Back in 2013, we posted a Big Data blog explaining that there are structured, unstructured and hybrid forms of data. I was the first to begin incorporating this hybrid data into the concept of big data. Today, it seems that all the experts are now discussing these different forms of big data. In this blog we will explore the different types of data and explain the differences at a high level.
So what's the difference in these various data types?
The first cylinder represents structured data. This includes data from ERP systems, mainframes and data warehouses. Although structured, these data types are structured differently.
ERP data and other transactional systems are structured in a way that allows for easy data entry. Data warehouses and business intelligence solutions are structured in a way that allows for easy retrieval of information. That said, both transactional and analytical systems are structured.
As described in an earlier blog on "Analytical versus Transactional Business Intelligence," ERP and other transactional data sources are designed to RUN your business. Data warehouse and business intelligence solutions are designed to help MANAGE your business. These are data sources typically stored in a traditional database and therefore has structure to them.
The second cylinder contains unstructured data. This is data often out there on the web. This includes social media data that includes things like “Tweets” and “Comments." Unstructured data also includes activity, including searches, followers, social authority and clicks.
Big Data started getting a lot of press back in 2013. It started in June with “The Wall Street Journal" article that the NSA, America’s National Security Agency, was obtaining a complete record of all Verizon customers and their calling history, including all local and long distance calls within the US.
This, rightly so, made a lot of people upset. The idea that the government is listening in on our calls means a potential invasion of privacy. Government claimed it tracked and used this information to help identify terrorists. We hope that’s true. But the fact that they have the capability and are monitoring this information is unsettling.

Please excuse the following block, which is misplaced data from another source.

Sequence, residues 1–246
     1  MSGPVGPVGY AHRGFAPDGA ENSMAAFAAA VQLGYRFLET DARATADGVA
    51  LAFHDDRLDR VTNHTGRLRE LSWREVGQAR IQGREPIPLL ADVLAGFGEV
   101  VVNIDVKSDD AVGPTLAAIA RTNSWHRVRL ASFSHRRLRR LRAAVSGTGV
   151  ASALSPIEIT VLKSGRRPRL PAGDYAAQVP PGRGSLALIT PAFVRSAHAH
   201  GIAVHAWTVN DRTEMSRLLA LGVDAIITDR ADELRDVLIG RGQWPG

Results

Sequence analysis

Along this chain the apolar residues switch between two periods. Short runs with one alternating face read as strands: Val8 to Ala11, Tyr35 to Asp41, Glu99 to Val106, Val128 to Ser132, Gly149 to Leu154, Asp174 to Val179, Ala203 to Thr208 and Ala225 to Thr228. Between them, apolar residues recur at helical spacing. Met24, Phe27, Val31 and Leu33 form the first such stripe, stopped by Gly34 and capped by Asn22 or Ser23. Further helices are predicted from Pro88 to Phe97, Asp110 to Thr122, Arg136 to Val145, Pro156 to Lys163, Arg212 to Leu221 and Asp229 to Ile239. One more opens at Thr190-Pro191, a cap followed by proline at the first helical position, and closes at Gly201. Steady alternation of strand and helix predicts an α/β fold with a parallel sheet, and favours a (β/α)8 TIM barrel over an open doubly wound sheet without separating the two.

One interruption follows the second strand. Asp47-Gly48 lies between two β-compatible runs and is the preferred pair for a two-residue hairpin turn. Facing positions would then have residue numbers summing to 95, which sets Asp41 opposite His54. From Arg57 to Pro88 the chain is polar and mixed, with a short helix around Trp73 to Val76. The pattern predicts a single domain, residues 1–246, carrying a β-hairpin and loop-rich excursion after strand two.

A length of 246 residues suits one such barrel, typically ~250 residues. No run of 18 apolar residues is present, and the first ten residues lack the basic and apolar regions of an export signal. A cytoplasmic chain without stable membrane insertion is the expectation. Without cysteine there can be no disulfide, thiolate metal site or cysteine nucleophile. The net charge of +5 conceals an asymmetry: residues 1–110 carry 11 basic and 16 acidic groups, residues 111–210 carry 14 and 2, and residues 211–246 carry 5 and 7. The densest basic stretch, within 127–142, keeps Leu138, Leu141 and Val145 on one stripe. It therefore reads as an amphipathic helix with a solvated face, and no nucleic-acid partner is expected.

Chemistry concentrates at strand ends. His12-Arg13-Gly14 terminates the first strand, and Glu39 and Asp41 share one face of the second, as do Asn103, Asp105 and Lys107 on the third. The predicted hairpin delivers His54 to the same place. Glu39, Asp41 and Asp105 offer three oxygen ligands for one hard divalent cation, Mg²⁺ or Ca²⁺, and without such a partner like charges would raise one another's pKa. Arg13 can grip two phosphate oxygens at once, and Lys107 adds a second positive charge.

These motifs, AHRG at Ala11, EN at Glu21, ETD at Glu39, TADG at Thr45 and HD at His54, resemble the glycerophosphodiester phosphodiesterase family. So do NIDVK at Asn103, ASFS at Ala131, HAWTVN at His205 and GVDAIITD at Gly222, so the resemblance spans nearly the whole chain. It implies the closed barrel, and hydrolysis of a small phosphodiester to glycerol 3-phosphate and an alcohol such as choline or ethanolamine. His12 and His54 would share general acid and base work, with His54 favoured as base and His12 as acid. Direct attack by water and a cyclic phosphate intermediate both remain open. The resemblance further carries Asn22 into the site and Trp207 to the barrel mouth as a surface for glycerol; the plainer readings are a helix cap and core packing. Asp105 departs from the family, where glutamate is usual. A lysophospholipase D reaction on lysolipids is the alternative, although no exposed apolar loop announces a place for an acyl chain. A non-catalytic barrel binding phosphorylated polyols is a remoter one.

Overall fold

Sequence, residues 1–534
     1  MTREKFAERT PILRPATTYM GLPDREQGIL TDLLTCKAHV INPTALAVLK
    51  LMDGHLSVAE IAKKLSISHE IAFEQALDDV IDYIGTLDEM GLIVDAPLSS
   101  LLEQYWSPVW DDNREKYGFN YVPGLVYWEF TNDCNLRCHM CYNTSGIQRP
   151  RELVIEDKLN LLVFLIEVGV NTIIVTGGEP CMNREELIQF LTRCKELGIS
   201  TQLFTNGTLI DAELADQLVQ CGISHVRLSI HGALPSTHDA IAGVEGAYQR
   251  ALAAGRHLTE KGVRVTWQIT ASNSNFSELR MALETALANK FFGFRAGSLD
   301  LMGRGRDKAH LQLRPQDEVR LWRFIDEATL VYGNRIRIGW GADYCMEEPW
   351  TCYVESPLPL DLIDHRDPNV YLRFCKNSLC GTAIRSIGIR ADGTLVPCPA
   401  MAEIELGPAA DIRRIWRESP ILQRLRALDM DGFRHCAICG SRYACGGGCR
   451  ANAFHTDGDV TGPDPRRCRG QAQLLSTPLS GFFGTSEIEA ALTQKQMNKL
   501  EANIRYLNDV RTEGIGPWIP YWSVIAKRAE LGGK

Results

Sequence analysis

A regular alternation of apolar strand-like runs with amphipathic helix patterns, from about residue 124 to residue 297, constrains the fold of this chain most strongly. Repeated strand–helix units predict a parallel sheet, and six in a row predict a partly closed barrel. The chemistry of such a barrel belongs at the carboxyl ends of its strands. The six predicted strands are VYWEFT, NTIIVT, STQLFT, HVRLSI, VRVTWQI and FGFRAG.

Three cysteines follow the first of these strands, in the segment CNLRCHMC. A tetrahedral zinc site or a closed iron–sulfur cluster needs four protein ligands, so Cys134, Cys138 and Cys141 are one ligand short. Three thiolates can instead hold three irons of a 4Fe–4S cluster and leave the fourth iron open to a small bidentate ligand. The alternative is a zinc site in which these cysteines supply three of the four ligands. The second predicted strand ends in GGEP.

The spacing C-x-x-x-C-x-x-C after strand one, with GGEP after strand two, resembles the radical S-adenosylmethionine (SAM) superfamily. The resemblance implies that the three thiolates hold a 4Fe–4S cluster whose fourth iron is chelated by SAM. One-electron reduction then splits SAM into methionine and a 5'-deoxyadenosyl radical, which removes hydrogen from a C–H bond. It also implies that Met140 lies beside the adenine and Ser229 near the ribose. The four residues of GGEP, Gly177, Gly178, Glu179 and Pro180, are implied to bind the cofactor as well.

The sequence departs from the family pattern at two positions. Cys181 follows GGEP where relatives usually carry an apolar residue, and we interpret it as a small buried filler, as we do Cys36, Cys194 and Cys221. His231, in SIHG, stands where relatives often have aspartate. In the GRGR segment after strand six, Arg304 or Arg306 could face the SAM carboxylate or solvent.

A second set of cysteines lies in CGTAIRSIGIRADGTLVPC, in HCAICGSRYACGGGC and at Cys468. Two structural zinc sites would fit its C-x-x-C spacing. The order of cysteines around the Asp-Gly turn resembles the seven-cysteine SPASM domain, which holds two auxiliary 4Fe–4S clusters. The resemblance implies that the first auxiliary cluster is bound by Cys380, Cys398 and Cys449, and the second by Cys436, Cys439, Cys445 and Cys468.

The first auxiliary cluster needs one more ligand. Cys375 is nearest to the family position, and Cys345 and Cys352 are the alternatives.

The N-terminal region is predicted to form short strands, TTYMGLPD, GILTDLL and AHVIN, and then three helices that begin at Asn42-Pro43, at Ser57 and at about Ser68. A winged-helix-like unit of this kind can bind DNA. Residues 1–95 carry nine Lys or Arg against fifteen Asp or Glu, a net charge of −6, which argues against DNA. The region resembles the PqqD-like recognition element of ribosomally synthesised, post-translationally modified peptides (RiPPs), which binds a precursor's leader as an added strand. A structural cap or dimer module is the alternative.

Big data also come up that year in association with the monitoring of certain journalists calls and activities. Big data was also related to the IRS scandal which required search capabilities that would target certain non-profit, applications. Regardless of political affiliation, most people found this disturbing because targeting groups for political gain is wrong.
Monitoring these activities requires the government to leverage big data. Right or wrong, for good or for bad, for profit or political aspirations, the capability to capture and leverage big data does exist. The crazy part is, we’ve been talking about this for years. Before 2013, everyone thought those of us who understand data mining and big data, and voiced our concerns, were thought to be paranoid. In just a few short years, most people understand and accept it as reality.
As it pertains to business, most companies leverage big data to target market and to manage their brands, sales, profits and company reputation. Either way, technology exists today that allows us to track and monitor and profile just about whatever and whomever we want.
The last cylinder represents multi-structured data or hybrid data. A lot of data sources can fall into this space.
For the purposes of a consumer goods manufacturer, I used common outside data sources in the cylinder to represent hybrid data. Point of sale (POS) data for example, comes in from multiple retailers with varying data elements at different times of the month. Relational Solutions works with POS and syndicated data all the time. Integrating outside data sources with internal master data is very complicated without an enterprise foundation to manage data issues. Even one retailer could have multiple ways of providing POS data.
Target is a good example of the ways in which POS data can arrive. If you are vendor for Target, you might get POS data in an EDI 852 file. You might also get POS data from Info Retriever or Partners On-line. In addition, you might purchase data from A.C. Nielsen or Symphony IRI. All these sources contain different data elements. But they also all contain point of sale (POS) data in many formats that require data manipulation in order to work with each other and with internal master data.
EDI files are structured. However, although it’s supposed to be standardized, it is not. Different retailers provide different data. Rules aren't followed. Files can be missing days or data elements. EDI from one retailer will be different from another retailer. Also, EDI from Target today, might be different than the EDI coming from Target was last year. There could also be missing data, duplicate data or recast data. We classify this as "hybrid" data because of the inconsistent, lose, structure of the data and all the work around it required to make it work well with other data. It’s structured, but not in a usable format.
Data also has different hierarchy's, inconsistent week end dates, etc. Outside data needs to align with your internal hierarchy’s and calendars. It also needs to be aligned with outside data sources like weather trends, currency conversion, A.C. Nielsen, Symphony IRI, NPD and other data sources.
These are just a few examples of data issues that arise from outside data sources. In other words, there is some structure to it, but the structure needs to be altered to be managed, integrated into other sources and ultimately provide more value.
Watch for next week blog where I explain in more detail the way big data is further defined and described by the industry. Request your free consultation.